Heartbleed Bug – 2014.04.10

By now may have seen the media talking about the Heartbleed Bug and the message has been doom and gloom and that you should change all your passwords immediately. While we don’t advise you disregard everything that has been said, the panic is not required; the media has once blown this out of proportion in order to drive ratings. These are the facts that you DO need to know about the Heartbleed Bug.

Most large corporations in North America are not running webservers that are affected by this, or are not running a version of the software that is affected. The most notable exception to this is Revenue Canada.

How does this affect my business and my website?

If all the following apply to your business:

  • You have a website that customers connect to
  • You have confidential information on the website
  • Customers send or receive personal information to the website such as: usernames, passwords, credit card numbers, or other personally identifying information

You can test to see if your website has the issue by going to https://www.ssllabs.com/ssltest and entering the URL of your website. You will receive a result indicating if you are vulnerable to this bug.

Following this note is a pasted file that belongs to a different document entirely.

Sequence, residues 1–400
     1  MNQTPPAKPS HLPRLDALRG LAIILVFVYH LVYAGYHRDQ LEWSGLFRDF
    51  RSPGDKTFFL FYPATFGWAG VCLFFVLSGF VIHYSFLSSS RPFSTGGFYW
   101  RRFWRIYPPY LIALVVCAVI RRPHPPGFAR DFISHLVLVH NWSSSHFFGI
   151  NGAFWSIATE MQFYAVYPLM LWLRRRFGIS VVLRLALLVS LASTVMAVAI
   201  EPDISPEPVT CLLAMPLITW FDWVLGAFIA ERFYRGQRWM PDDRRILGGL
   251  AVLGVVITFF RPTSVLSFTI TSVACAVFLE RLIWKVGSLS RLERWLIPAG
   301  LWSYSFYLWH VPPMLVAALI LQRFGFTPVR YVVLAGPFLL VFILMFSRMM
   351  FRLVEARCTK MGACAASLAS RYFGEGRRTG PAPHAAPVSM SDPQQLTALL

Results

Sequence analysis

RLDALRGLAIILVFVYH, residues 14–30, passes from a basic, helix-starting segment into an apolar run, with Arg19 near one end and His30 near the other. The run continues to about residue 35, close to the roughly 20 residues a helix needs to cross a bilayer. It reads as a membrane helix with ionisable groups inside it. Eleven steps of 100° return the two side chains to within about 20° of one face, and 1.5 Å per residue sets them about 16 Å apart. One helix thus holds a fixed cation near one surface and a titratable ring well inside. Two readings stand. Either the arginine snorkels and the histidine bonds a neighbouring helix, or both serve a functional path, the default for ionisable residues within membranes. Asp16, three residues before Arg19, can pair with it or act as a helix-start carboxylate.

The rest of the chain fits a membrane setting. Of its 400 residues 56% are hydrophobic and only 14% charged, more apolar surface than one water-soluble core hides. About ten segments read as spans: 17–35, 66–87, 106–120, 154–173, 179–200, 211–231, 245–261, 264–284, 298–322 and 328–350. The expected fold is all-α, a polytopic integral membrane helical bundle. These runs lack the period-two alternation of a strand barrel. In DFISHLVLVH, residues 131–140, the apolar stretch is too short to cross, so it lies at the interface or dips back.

If all of the above do not apply to you then the Heartbleed Bug does not affect your business and no action is required on your part. The vast majority of business websites do not deal with or contain any private or personal information.

How this affects you and your users personally

The media is saying that you should panic and change all your passwords everywhere, should you do this? No you shouldn’t. Odds are you are not affected, and if you are changing your password will only reveal your new password to an attacker.

How can I tell if I’m affected? The easiest way is to go to https://www.ssllabs.com/ssltest and enter the names of the sites you visit regularly where you enter a password to see if they are affected. If they are not affected, you don’t need to do anything further.

If you are using a website that is affected, then you must wait for the company to fix their website before you change your password. If you use that same password on other sites that are not affected, you should change that password on the unaffected site(s). Ideally you should never use the same password on multiple sites, each site should have its own distinct password.

For more information about this vulnerability, please visit

* OpenSSL’s official advisory: https://www.openssl.org/news/secadv_20140407.txt
* The Heartbleed Bug: http://heartbleed.com/

If you have any questions you should call AbleIT for assistance.